Intra-urban variability of air pollution in Windsor, Ontario - Measurement and modeling for human exposure assessment
Wheeler, AJ and Smith-Doiron, M and Xu, X and Gilbert, NL and Brook, JR, Intra-urban variability of air pollution in Windsor, Ontario - Measurement and modeling for human exposure assessment, Environmental Research: A Journal of Environmental Medicine and The Environmental Sciences, 106, (1) pp. 7-16. ISSN 0013-9351 (2008) [Refereed Article]
There are acknowledged difficulties in epidemiological studies to accurately assign exposure to air pollution for large populations, and large, long-term cohort studies have typically relied upon data from central monitoring stations. This approach has generally been adequate when populations span large areas or diverse cities. However, when the effects of intra-urban differences in exposure are being studied, the use of these existing central sites are likely to be inadequate for representing spatial variability that exists within an urban area. As part of the Border Air Quality Strategy (BAQS), an international agreement between the governments of Canada and the United States, a number of air health effects studies are being undertaken by Health Canada and the US EPA. Health Canada’s research largely focuses on the chronic exposure of elementary school children to air pollution. The exposure characterization for this population to a variety of air pollutants has been assessed using land-use regression (LUR) models. This approach has been applied in several cities to
nitrogen dioxide (NO2), as an assumed traffic exposure marker. However, the models have largely been developed from limited periods of saturation monitoring data and often only represent one or two seasons. Two key questions from these previous efforts, which are examined in this paper, are: If NO2 is a traffic marker, what other pollutants, potentially traffic related, might it actually represent? How well is the within city spatial variability of NO2, and other traffic-related pollutants, characterized by a single saturation monitoring campaign. Input data for the models developed in this paper were obtained across a network of 54 monitoring sites situated across Windsor, Ontario. The pollutants studied were NO2, sulfur dioxide (SO2) and volatile organic compounds, which were measured in all four seasons by deploying passive samplers for 2-week periods. Correlations among these pollutants were calculated to assess what other pollutants NO2 might represent, and correlations across seasons for a given pollutant were determined to assess how much the withincity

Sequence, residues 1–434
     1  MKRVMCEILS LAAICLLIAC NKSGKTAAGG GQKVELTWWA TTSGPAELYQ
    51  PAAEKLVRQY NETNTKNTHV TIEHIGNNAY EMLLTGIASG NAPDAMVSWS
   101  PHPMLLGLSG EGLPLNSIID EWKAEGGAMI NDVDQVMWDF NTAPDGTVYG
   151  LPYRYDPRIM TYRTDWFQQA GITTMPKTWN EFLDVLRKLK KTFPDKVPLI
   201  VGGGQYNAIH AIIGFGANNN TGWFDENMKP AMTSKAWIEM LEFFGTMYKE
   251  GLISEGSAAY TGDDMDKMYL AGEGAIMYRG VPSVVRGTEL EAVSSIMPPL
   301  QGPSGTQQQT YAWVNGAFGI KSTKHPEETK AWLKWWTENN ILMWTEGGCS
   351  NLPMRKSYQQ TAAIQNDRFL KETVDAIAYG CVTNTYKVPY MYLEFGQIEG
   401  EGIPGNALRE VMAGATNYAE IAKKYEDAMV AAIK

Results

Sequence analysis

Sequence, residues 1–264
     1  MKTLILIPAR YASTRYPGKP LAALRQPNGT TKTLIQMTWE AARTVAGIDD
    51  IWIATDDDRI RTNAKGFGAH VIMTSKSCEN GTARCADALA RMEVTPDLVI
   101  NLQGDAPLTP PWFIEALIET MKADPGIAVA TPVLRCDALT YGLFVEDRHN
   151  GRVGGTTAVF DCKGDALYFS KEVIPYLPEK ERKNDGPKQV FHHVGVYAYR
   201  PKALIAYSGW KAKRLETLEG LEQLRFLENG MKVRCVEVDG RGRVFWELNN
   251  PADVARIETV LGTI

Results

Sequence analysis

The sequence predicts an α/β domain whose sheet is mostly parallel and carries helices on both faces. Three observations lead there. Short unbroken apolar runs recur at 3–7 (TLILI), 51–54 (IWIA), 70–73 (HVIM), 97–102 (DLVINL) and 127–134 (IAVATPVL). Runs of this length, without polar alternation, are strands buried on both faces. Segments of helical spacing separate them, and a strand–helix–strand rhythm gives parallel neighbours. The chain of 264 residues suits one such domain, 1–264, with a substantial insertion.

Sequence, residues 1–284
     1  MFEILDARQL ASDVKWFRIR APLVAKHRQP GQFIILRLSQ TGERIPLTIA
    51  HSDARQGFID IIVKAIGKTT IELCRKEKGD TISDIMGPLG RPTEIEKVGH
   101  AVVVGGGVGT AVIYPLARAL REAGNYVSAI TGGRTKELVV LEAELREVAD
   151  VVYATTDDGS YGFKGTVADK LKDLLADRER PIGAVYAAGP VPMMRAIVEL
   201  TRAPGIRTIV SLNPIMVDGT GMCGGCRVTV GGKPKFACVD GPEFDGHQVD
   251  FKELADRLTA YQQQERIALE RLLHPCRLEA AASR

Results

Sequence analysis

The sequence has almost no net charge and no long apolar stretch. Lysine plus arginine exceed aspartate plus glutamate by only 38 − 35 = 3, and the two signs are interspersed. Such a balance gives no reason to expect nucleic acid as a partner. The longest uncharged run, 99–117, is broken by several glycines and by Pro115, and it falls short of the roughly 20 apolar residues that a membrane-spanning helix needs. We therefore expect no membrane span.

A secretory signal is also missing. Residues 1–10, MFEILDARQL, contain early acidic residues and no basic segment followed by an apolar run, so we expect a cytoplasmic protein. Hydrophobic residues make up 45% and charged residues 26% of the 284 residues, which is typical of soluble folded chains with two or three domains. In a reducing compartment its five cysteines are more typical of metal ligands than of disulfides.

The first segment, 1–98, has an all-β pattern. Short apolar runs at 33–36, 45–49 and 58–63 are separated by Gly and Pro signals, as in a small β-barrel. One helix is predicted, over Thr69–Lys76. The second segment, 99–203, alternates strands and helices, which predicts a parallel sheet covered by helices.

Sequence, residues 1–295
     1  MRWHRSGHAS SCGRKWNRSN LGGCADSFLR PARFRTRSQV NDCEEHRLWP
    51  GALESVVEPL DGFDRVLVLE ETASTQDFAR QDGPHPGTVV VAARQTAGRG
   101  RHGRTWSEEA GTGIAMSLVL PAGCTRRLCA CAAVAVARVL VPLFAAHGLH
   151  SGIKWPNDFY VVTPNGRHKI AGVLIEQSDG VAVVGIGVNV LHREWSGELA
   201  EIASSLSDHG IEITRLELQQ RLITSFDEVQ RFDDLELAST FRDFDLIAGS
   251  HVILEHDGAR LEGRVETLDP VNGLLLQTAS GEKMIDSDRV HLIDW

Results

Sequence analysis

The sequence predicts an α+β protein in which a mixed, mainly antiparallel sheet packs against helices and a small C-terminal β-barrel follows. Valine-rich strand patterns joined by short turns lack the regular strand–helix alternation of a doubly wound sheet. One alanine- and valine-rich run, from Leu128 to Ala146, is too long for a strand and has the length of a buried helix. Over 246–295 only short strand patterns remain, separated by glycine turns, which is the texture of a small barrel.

spatial pattern varies with time. LUR models were then developed for NO2, SO2, benzene, and toluene. A multiple regression model including proximity to the Ambassador Bridge (the main Canada—US border crossing point), and proximity to highways and major
roads, predicted NO2 concentrations with an R2 ¼ 0.77. The SO2 model predictors included distance to the Ambassador Bridge, dwelling density within 1500 m, and Detroit-based SO2 emitters within 3000m resulting in a model with an R2 ¼ 0.69. Benzene and toluene LUR models included traffic predictors as well as point source emitters resulting in R2 ¼ 0.73 and 0.46, respectively.
Between season pollutant correlations were all significant although actual concentrations for each site varied by season. This suggests that if one season were to be selected to represent the annual concentrations for a specific site this may lead to a potential under or overestimation in exposure, which could be significant for health research. All pollutants had strong inter-pollutant correlations
suggesting that NO2 could represent SO2, benzene, and toluene.